And, it is my belief that the people here today, the people in this room, can be the vanguard of a new day in America, a day where we get our energy needs from renewable resources that dont despoil the earth or kill our children or pollute the air, a day when we operate a transportation system that is fast, efficient, safe, and reliable, and accessible to all Americans, not just those on the coasts or in high-density corridors.
Finally, it is my belief that we must start here, now, to make that day draw nigh. Thank you for coming. I look forward to the next two days here in St. Louis and them, over the rest of 2008, the Presidential campaign where I pledge to you that the message we create here, in St. Louis, will reach from New York to California, from New Orleans to Chicago, and the ears of the Presidential candidates of both parties, whoever they might be. Let us make that our promise, to ourselves, to our country, and to our children.
It is my privilege now to introduce Gil Carmichael, former Administrator for the Federal Railroad Administration under George H. W. Bush, and far more than that. When my little band of brothers began to traipse down to Washington, we began to meet regularly with FRA Administrator Gil Carmichael, who proved to be, and over the years has proven repeatedly, that he represents the very best element in American society, the citizen who gets into politics to make a difference.
Gil as some of you know was actually --- like me, by the way --- a car guy before he became a transportation guy. He was also a progressive in Mississippi politics, 40 years ago, when to be a progressive in that state often meant to be the target of abuse, or much worse.
While Gil, that year many long years ago, did not succeed in becoming governor of that state, he did something far more important. He made it possible to be publicly outspoken in the cause of justice, at a time when that took real courage. He quite literally put his life on the line for his beliefs, and made the world a better place for it. So, while you and I know of his reputation as a progressive in the field of transportation, of his long devotion to making the nations transportation system, especially its long-neglected rail system, one that could carry us into the 21st century, what Gil really is, is a great American who has made this place better just by being in it. One quick anecdote: in Mississippi, near Gils home in Meridian, on property he was redeveloping, he discovered not long ago an old municipal swimming pool, filled in and paved over. Upon investigation, he learned that that pool had once served the white children of the county, and that when the courts ordered it integrated, the town fathers of that era chose instead to bulldoze it shut.
When Gil discovered that history, he and his partner chose to spend their own money to rebuild and re-open that pool to all in that community, even though that had never been part of the redevelopment plan. Now that, I like to think, is a real American.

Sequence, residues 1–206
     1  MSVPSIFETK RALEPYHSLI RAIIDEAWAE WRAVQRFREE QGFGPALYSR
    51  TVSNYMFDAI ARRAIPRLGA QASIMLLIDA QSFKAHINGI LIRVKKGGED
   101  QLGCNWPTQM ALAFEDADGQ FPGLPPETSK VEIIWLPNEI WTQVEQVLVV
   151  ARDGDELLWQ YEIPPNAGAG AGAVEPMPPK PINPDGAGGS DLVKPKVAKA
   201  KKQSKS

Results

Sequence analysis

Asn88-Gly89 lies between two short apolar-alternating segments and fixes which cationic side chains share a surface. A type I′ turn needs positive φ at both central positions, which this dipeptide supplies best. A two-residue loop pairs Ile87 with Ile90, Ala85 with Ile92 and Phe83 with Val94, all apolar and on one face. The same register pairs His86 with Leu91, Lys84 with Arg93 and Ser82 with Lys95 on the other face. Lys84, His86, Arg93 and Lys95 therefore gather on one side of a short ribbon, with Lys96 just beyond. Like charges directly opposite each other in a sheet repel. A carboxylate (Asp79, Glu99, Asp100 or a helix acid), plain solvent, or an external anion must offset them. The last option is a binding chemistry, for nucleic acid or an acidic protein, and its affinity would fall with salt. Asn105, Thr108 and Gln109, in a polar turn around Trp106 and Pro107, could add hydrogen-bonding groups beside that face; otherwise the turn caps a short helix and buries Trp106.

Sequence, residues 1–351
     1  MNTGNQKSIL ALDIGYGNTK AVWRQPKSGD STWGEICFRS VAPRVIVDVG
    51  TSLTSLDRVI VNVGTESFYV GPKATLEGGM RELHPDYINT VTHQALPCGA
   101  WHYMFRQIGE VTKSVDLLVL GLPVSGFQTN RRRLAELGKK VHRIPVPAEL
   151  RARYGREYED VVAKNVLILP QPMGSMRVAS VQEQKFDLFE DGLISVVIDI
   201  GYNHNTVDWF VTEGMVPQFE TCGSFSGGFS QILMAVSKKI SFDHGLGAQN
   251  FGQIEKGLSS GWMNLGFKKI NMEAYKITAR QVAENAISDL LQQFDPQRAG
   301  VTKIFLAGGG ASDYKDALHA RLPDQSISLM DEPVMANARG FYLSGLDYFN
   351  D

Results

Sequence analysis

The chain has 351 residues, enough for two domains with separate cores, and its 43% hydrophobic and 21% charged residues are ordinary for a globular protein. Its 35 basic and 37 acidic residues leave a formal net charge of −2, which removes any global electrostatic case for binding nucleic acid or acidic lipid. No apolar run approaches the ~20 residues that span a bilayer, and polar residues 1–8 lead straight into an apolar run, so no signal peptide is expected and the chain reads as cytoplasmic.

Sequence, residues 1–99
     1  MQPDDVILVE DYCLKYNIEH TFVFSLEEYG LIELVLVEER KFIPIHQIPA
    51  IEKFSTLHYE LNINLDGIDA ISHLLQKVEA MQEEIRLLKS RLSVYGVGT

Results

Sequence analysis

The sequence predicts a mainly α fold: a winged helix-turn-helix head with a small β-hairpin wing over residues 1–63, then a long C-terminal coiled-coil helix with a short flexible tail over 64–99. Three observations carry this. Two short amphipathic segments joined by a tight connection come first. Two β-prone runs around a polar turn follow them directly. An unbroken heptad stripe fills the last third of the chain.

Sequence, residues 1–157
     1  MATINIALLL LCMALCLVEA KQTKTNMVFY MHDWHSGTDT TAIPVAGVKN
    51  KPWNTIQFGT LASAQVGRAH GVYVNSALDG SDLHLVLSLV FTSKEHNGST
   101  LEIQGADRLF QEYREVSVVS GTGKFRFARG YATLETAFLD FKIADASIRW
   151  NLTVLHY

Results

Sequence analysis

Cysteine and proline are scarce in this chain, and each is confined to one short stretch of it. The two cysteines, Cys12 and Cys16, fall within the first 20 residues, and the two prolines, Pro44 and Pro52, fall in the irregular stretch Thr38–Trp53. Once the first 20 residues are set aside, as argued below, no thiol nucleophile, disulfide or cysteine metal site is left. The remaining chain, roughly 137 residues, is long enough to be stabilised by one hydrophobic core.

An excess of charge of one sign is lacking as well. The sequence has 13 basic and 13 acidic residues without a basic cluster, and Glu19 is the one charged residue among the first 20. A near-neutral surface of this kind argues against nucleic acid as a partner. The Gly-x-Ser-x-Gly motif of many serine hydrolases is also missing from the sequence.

And that is one reason why, when Gil called me just a few weeks ago and asked me to put together a major national conference to get the transportation issue in front of the Presidential candidates of both parties, I decided to name it for him, by the way over his objections. You know, in this and other countries, we often name things after people when they are gone. After all I have learned from Gil, and after so many years now of help and friendship to this cause Gil has shown me and others, this Carmichael Conference is a fitting way to both honor Gil Carmichael, and to let the world know that he is very much on the case of Americas transportation challenge.
It is my deep honor to introduce to you, Gilbert E. Carmichael, who I am privileged to call my friend.
* Yes, John F. Kennedy said it first, during the 1960 Presidential campaign. I heard him say it; hard to believe that was 50 years ago, almost, and yet we still need to heed those words --- JPR
[ Publishers Note: This is the third in a series of addresses--- last weeks was by former Amtrak Chairman and long-time NCI Chair John Robert Smith --- from the Carmichael Conference on the Future of American Transportation held January 28-29 at the Hyatt Regency, St. Louis, MO; Destination:Freedom will publish addresses from this important American conference each week, so that those who could not attend can also participate in the debate, and also benefit from the thoughts of the impressive list of American transportation leaders who did attend, and spoke to us. It is also our intention to collect the speeches, and presentations, into a single CD-ROM so that the proceedings can be more widely distributed. ]